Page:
The Effect of Test Temperature on Deformation Microstructure and Fracture Mechanisms in CrMn High-Nitrogen Steels Alloyed (0-3 wt.%) with Vanadium
A temperature dependence of the tensile mechanical properties, microstructure and fracture mechanism of high-nitrogen Fe-(19-23)Cr-(17-21)Mn-(0-3)V-(0.1-0.3)C-(0.5-0.9)N vanadium-free and vanadium-containing steels was investigated. For all steels, the 0.2% offset yield strength and strain-hardening drastically increase with a decrease in test temperature. This is associated with high interstitial solid solution strengthening of the steels and more pronounced twinning and stacking-fault formation during straining below room temperature. For the vanadium-free steel, a ductile-to-brittle transition was evaluated: at 77K specimens destroy by cleavage mechanism while at room temperature steels show ductile fracture. Vanadium-alloying provides a particle strengthening of the steels and, at the same time, reduce solid-solution strengthening. Increase of vanadium concentration fully or partially suppress brittle fracture of the steels at 77K. Particle strengthening changes interstitial solid-solution effect, dislocation arrangement and slip/twinning relation in vanadium-containing high-nitrogen steels compared to vanadium-free one.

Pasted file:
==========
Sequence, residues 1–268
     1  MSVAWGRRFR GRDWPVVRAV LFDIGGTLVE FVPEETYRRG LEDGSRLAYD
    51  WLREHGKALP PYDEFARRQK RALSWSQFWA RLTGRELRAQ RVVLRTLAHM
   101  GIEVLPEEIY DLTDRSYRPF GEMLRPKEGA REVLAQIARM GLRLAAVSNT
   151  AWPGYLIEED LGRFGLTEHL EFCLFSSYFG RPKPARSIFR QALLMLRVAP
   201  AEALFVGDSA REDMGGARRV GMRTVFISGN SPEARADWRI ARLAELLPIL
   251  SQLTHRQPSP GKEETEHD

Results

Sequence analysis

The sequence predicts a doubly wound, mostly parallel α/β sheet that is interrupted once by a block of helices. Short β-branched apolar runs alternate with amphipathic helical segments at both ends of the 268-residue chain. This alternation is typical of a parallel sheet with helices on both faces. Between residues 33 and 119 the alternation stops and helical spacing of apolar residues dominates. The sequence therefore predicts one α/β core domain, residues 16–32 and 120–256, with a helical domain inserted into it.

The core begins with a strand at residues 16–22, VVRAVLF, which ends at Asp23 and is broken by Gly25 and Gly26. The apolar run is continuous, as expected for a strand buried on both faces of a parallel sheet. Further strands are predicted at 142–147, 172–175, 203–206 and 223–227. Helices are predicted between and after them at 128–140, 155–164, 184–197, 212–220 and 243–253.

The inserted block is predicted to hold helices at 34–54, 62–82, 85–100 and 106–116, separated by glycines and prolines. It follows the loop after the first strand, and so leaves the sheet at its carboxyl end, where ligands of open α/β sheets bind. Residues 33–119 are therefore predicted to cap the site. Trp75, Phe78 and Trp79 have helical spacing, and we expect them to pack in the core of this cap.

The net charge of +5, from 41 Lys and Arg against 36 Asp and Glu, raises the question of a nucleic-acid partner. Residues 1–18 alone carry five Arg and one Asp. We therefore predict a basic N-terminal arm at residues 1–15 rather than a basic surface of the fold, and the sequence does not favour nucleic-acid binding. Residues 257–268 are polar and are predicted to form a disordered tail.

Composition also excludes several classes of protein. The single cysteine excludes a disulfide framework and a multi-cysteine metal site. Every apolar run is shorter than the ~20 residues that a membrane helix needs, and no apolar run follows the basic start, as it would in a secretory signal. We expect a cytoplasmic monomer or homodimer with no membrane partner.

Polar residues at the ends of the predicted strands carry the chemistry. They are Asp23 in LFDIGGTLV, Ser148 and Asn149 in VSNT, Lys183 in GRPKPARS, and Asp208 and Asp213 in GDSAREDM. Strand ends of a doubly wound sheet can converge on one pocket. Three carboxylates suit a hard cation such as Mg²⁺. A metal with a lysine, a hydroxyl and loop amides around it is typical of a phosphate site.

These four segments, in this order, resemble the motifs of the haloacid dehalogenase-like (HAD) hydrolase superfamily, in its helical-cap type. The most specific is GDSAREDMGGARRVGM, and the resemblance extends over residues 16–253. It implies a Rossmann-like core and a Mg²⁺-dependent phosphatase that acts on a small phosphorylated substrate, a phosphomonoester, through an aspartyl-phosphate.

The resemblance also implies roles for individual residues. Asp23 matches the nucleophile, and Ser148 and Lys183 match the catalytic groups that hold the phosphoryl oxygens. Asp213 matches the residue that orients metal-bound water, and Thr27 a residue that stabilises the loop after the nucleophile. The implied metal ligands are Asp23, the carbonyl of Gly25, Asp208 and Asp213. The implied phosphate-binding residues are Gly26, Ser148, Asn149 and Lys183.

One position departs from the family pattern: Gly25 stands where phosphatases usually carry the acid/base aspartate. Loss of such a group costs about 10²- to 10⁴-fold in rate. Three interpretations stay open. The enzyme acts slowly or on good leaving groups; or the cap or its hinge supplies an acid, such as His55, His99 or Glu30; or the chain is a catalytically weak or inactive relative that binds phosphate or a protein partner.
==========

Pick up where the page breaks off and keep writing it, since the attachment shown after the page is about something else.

R. Shabadi, Mihail Ionescu, M. Jeandin, C. Richard and Tara Chandra
E. Astafurova et al., "The Effect of Test Temperature on Deformation Microstructure and Fracture Mechanisms in CrMn High-Nitrogen Steels Alloyed (0-3 wt.%) with Vanadium", Materials Science Forum, Vol. 941, pp. 27-32, 2018